Diffuse midline glioma, H3 K27M-mutant, care at St. Jude

St. Jude provides the highest quality of care for patients with DMG:

  • Our clinic brings together medical experts and specially trained staff to care for your child. We also work with brain surgeons (neurosurgeons) at Le Bonheur Children’s Hospital.
  • We have a special team that helps understand the makeup of the tumor. This team includes doctors and scientists who study:
    • Cancer cells
    • How the cancer happened
    • Current medicines and treatments to kill cancer cells
    • What makes cancer cells grow and what new medicines can stop them
    • New medicines and other therapies to improve how treatments work
  • Our brain tumor clinical trials have led to the clinical use of better therapies in children such as lower dose therapies, targeted therapy, and proton therapy. These treatments kill cancer cells while sparing healthy cells and may lessen the severity of side effects that affect brain function after treatment for some types of brain tumors.
  • Along with the treatment studies constantly being developed at St. Jude, the staff also treats patients on studies developed by the Children’s Oncology Group, the Pediatric Brain Tumor Consortium, and the Pacific Pediatric Neuro-Oncology Consortium. Many St. Jude staff members play key roles in developing these studies. They are large trials carried out at centers across the United States.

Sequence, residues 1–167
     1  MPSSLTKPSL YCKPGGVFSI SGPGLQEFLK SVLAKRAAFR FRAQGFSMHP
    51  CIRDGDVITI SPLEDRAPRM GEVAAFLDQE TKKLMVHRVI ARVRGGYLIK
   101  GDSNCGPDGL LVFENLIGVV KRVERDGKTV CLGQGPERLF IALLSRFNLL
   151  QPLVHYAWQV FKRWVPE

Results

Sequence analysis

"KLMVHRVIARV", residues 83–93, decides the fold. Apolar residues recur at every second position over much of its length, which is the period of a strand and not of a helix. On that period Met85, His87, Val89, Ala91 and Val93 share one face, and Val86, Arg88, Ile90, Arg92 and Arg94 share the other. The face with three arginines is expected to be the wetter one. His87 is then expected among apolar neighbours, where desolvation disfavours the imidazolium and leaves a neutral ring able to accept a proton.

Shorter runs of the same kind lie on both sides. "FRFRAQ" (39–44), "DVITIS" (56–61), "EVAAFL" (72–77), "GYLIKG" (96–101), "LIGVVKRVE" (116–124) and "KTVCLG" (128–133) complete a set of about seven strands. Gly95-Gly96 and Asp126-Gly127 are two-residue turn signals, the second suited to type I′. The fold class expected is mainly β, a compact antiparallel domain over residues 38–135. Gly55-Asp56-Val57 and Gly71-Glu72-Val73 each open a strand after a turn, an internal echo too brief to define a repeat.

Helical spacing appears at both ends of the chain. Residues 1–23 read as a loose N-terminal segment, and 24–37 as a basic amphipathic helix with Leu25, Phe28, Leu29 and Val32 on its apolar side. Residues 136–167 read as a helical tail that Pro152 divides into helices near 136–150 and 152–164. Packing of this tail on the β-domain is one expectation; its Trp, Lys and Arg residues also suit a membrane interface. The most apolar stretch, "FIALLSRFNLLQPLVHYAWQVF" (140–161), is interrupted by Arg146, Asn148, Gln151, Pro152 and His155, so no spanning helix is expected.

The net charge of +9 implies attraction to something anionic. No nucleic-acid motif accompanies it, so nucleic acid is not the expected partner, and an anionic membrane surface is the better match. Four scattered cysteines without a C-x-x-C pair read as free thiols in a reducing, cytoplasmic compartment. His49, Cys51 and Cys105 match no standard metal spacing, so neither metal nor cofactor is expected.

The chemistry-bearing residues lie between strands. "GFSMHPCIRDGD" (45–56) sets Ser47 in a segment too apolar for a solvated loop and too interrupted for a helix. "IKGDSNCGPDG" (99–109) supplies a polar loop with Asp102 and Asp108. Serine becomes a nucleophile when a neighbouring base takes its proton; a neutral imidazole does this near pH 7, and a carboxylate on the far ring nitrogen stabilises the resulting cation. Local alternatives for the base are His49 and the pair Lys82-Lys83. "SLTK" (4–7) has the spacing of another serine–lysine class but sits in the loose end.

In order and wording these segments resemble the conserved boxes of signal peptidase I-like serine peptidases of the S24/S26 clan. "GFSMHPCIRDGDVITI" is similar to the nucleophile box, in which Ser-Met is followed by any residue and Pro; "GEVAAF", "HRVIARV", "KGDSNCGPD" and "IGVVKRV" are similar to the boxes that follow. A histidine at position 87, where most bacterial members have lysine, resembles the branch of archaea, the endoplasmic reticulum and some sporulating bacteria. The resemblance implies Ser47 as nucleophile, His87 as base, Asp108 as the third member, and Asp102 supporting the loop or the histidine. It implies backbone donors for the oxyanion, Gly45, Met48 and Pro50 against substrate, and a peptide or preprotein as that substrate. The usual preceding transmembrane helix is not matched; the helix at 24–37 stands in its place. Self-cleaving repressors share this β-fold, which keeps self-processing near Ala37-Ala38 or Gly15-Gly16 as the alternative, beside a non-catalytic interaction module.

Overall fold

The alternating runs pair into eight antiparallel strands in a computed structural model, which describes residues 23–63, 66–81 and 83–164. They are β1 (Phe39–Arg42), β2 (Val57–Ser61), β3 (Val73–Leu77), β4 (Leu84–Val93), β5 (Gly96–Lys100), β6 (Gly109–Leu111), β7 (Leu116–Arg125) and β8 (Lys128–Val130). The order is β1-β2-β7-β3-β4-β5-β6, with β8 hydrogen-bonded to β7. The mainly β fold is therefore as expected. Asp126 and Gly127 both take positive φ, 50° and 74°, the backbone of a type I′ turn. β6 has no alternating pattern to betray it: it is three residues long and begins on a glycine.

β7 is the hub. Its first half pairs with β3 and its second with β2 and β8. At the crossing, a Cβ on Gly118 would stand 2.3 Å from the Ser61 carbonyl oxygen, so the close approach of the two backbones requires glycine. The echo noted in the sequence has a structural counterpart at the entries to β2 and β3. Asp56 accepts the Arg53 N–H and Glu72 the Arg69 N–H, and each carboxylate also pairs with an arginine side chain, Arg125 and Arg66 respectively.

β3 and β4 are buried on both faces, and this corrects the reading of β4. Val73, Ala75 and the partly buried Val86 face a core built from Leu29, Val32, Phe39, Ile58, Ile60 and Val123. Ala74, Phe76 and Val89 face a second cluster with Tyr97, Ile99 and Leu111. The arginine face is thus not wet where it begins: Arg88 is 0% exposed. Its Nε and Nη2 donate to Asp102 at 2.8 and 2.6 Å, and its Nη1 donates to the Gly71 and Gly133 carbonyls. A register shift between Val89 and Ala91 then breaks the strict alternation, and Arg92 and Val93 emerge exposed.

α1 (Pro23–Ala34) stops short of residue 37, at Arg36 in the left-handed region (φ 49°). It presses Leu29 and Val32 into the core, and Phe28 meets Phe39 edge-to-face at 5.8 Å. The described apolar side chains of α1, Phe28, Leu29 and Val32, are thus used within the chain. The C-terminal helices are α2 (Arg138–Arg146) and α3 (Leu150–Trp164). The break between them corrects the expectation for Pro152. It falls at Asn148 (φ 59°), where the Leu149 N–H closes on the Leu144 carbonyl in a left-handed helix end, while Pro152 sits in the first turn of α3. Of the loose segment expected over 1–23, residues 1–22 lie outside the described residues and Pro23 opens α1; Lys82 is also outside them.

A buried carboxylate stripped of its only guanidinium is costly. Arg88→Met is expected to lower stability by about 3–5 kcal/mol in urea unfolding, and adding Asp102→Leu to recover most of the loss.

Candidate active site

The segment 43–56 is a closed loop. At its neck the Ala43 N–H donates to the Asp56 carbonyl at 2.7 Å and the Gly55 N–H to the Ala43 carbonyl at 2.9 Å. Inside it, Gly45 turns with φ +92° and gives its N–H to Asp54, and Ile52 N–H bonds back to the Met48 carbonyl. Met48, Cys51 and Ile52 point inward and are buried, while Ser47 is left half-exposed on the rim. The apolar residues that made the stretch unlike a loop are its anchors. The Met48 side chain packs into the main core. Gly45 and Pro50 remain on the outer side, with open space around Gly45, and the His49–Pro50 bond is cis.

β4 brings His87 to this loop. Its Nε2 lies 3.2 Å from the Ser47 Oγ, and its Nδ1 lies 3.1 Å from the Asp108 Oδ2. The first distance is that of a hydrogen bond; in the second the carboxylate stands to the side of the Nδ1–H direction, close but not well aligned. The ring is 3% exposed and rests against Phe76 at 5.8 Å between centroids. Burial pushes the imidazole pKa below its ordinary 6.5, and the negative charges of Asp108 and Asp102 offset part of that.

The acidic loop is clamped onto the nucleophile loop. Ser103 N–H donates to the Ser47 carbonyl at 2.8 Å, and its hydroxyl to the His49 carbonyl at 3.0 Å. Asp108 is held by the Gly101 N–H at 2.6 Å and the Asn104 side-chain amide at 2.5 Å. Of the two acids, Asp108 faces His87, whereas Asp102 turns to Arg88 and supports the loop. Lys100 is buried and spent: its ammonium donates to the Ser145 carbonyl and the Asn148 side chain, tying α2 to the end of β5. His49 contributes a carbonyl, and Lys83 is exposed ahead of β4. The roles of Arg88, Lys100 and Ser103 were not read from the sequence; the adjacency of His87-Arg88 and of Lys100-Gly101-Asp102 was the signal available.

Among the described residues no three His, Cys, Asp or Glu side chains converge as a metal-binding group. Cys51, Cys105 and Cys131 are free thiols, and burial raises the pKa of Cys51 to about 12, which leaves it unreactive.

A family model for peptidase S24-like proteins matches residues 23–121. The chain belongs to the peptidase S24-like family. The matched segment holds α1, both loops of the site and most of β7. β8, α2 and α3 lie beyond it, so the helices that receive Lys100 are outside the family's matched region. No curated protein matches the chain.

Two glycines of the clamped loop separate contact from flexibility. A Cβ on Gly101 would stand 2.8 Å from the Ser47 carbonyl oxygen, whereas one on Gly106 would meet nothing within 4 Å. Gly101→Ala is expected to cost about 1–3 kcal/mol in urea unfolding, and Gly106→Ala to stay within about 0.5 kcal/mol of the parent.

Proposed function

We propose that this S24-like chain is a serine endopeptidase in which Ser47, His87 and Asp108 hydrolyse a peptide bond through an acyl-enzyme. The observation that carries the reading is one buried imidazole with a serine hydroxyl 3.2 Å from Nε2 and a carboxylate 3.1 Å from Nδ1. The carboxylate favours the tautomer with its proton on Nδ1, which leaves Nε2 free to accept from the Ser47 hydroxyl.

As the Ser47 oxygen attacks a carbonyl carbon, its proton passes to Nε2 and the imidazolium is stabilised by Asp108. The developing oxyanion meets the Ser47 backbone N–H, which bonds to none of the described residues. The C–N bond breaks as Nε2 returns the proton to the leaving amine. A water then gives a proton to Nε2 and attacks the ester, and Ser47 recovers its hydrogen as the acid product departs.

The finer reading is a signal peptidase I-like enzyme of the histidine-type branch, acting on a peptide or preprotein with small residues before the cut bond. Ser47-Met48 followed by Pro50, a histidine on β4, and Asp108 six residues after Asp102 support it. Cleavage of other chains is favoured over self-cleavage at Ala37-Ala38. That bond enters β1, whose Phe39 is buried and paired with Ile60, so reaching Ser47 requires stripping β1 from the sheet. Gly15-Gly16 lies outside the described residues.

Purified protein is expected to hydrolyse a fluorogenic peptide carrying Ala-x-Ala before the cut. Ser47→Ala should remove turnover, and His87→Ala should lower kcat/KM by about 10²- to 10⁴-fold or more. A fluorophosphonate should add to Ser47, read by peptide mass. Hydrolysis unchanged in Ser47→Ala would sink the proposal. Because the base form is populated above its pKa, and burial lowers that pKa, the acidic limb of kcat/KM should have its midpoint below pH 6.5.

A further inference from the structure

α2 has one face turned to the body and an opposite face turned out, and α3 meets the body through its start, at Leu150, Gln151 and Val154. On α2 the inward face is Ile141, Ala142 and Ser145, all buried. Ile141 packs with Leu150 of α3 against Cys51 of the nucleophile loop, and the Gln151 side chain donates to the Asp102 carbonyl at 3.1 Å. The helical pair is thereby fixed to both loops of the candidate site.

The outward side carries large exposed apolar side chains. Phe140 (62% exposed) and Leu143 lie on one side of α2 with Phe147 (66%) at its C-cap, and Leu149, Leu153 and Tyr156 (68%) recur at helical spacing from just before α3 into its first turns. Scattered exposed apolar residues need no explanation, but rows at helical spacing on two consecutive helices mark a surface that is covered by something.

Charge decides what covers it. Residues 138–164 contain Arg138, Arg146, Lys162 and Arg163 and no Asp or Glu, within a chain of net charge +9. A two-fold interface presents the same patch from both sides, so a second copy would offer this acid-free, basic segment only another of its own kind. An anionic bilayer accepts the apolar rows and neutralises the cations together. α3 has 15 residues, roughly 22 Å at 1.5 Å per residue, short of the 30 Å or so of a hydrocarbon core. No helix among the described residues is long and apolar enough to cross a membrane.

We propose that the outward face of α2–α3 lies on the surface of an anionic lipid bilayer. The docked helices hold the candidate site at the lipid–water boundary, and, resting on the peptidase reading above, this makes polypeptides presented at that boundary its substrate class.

• St. Jude offers a dedicated team of specialists to meet the needs of children with brain tumors, including:

More reasons to choose St. Jude for care include:

  • We are consistently ranked among the best childhood cancer centers in the nation by US News & World Report.
  • At St. Jude, we have created an environment where children can be children and families can be together.
  • St. Jude patients and families never pay for services authorized by St. Jude.
  • We lead more clinical trials for childhood cancer than any other hospital in the U.S.
  • St. Jude is the only National Cancer Institute–designated Comprehensive Cancer Center just for children. A Comprehensive Cancer Center meets rigorous standards for research that develops new and better approaches to prevent, diagnose, and treat cancer.
  • The nurse-to-patient ratio at St. Jude is about 1:3 in hematology and oncology and 1:1 in the Intensive Care Unit.
  • Patients may be able to get expert, compassionate care and treatment closer to their homes at one of our St. Jude Affiliate clinics.

Get more information about the Brain Tumor Treatment program at St. Jude.

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Seeking treatment at St. Jude

Patients accepted to St. Jude must have a disease we treat and must be referred by a physician or other qualified medical professional. We accept most patients based on their ability to enroll in an open clinical trial.

How to seek treatment

Contact us

You can start the referral process by letting your physician know you would like a second opinion from St. Jude. They can contact our 24-hour beeper service or contact our brain tumor coordinator. You may also contact the brain tumor coordinator directly with questions.

Learn more about the types of brain tumors we treat at St. Jude and our brain tumor eligibility requirements.

Physician / Patient Referral Office

Call: 1-888-226-4343 (toll-free) or 901-595-4055 (local)  | Email:
Fax: 901-595-4011 | 24-hour pager: 1-800-349-4334

Contact the Brain Tumor Team directly:

Submit brain tumor contact form

Contact the Surgery Team directly: